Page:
JTF (just the facts): Published in 2018 by GOST Books (here). Hardcover, 96 pages, with 44 color photographs. Includes a text by the artist (on a loose sheet). In an edition of 650 copies. (Cover and spread shots below.)
Comments/Context: When photographers go in search of potential new subjects and projects, one practical rule of thumb is to start with a topic that is both physically nearby (or easy to access) and something about which the artist already cares deeply. This kind of straightforward thinking has led to countless photographic studies of families, relatives, and friends, and of life in local communities where the photographer is an insider, or at least an engaged participant. And it has consistently been the case that when active attention is paid to a forgotten group of people or an overlooked (or mostly unknown) place, broader and deeper truths can emerge from the nuances and details only a local might notice.
When Jordan Baumgarten moved to the Kensington neighborhood of Philadelphia a handful of years ago, it doesn’t seem likely that he was actually thinking about deliberately making an in-depth photographic study of the opioid crisis that had been sweeping through America for the better part of the past decade – he was just settling into his life.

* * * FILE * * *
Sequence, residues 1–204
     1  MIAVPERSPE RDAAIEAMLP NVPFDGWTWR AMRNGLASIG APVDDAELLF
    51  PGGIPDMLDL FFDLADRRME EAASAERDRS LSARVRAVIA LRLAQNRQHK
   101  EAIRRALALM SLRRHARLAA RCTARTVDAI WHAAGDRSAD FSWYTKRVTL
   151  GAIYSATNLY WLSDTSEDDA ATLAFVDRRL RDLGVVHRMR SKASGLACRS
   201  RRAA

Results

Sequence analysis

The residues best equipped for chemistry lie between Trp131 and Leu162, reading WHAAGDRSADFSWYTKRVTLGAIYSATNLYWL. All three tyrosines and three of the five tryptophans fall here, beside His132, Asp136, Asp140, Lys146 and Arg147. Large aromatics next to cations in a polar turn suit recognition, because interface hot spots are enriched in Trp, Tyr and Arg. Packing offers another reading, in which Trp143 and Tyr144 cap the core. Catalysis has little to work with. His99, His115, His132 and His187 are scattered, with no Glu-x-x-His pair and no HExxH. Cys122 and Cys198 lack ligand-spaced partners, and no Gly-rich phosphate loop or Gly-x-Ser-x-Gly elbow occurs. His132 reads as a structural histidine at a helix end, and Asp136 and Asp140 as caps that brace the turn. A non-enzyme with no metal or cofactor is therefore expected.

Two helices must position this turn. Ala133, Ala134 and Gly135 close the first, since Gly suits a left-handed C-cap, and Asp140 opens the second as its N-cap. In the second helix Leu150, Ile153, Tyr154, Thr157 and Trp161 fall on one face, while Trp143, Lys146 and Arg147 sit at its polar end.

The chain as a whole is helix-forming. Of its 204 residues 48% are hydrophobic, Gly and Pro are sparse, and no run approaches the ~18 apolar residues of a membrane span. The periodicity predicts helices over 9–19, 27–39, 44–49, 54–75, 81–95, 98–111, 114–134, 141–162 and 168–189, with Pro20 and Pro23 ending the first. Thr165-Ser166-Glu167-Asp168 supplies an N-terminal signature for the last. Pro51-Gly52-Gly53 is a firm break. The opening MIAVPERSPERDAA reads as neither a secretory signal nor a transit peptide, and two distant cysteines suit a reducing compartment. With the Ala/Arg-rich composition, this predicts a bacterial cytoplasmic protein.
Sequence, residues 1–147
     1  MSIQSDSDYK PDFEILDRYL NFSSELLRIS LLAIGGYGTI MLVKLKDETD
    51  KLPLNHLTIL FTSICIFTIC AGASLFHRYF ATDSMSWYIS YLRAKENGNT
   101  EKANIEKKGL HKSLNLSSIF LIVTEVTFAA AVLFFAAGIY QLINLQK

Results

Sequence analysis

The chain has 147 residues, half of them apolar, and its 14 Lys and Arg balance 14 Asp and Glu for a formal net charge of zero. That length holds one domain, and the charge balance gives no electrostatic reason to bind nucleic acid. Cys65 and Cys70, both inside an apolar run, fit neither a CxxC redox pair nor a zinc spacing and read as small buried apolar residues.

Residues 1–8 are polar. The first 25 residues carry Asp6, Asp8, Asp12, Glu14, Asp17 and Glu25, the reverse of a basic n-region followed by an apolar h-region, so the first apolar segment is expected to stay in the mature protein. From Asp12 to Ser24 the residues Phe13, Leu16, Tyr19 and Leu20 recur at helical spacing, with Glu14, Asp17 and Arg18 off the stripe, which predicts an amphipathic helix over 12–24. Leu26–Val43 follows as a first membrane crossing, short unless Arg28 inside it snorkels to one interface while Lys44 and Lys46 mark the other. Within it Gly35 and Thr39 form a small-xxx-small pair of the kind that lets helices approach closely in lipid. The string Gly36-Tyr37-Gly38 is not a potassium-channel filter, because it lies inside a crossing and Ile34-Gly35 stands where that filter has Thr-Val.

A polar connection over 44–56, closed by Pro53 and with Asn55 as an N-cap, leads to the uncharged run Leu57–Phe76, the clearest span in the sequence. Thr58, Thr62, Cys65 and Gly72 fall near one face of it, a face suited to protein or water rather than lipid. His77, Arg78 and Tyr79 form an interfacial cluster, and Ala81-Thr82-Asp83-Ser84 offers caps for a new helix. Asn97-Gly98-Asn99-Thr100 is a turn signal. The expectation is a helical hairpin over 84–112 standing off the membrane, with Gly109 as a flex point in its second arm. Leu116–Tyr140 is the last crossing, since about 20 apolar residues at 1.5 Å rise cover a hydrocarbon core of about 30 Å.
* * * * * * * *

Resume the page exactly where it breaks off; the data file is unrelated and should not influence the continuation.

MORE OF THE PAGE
The truth is that such a subject is incredibly hard to photograph, mostly because it is an intellectual abstraction and aggregation of many different forces, some of which are largely invisible or at least difficult to capture with a camera. Of course, the increasing spread of heroin (and its relatives) in our cities and towns is directly wrapped up with with processes of drug trafficking and the various modes of use and addiction, but it also connects more indirectly to unemployment, homelessness, mental illness, city budgets, policing strategies, government intervention (or lack thereof), and a whole host of additional secondary and tertiary factors that come together to create environments where destructive drug use can thrive, both in and out of the shadows.